Bangladeshi firm makes generic remdesivir

A Bangladeshi company says it will sell a generic version of remdesivir at $A100 per vial.
A Bangladeshi company says it will sell a generic version of remdesivir at $A100 per vial.

A Bangladeshi company says it has produced the first generic version of the anti-viral drug remdesivir, which is currently being tested as a possible treatment for COVID-19.

"We have successfully completed all the steps in the manufacturing of remdesivir," Simeen Hossain, head of Eskayef Pharmaceuticals Bangladesh Limited, said on Friday about the production of the drug developed and patented by Gilead Sciences in the US.

The announcement comes as Gilead negotiates with pharmaceutical manufacturers in India and Pakistan over the production of remdesivir for developing countries.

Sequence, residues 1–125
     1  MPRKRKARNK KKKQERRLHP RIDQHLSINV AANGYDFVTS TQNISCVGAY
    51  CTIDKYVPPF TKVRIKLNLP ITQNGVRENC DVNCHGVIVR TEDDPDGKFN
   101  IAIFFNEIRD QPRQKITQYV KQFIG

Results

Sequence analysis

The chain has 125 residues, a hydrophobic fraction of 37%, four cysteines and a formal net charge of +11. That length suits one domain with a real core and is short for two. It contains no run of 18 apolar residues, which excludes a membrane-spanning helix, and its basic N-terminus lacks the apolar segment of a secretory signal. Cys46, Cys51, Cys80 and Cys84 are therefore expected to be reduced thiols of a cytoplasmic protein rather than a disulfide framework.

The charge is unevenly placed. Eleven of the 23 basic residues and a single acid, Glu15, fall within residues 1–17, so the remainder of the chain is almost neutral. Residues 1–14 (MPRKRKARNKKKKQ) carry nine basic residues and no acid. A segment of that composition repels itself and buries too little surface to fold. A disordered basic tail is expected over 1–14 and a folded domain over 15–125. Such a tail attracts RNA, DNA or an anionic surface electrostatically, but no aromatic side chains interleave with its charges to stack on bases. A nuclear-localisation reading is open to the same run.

Remivir, the brand name of remdesivir manufactured by Eskayef, will be available for use in hospitals "in a few days" after it has been approved by Bangladesh's regulator, the company's marketing chief Mujahidul Islam told DPA.

Eskayef is one of eight companies which the Bangladeshi government has approved to produce remdesivir, after the US Food and Drug Administration issued an Emergency Use Authorisation for the drug.

Bangladesh, as a UN Least Developed Country, is allowed to produce any patented medicine without obtaining prior permission under World Trade Organisation agreements.

Islam said that scientists began developing the drug in March, before it was clear that the US administration would approve production of the medicine.

"The tireless efforts of the Eskayef personnel in the past two months have made it possible to produce the drug within such a short time span," he said.

The company fixed the price of the drug at 5500 takas ($A100 ) per vial following consultation with the government.

Adults suffering from COVID-19 could need between 5 and 10 days of treatment, depending on how ill they are.

Bangladesh has 13,143 cases of the virus and reported a death toll of 206 on Friday.

Australian Associated Press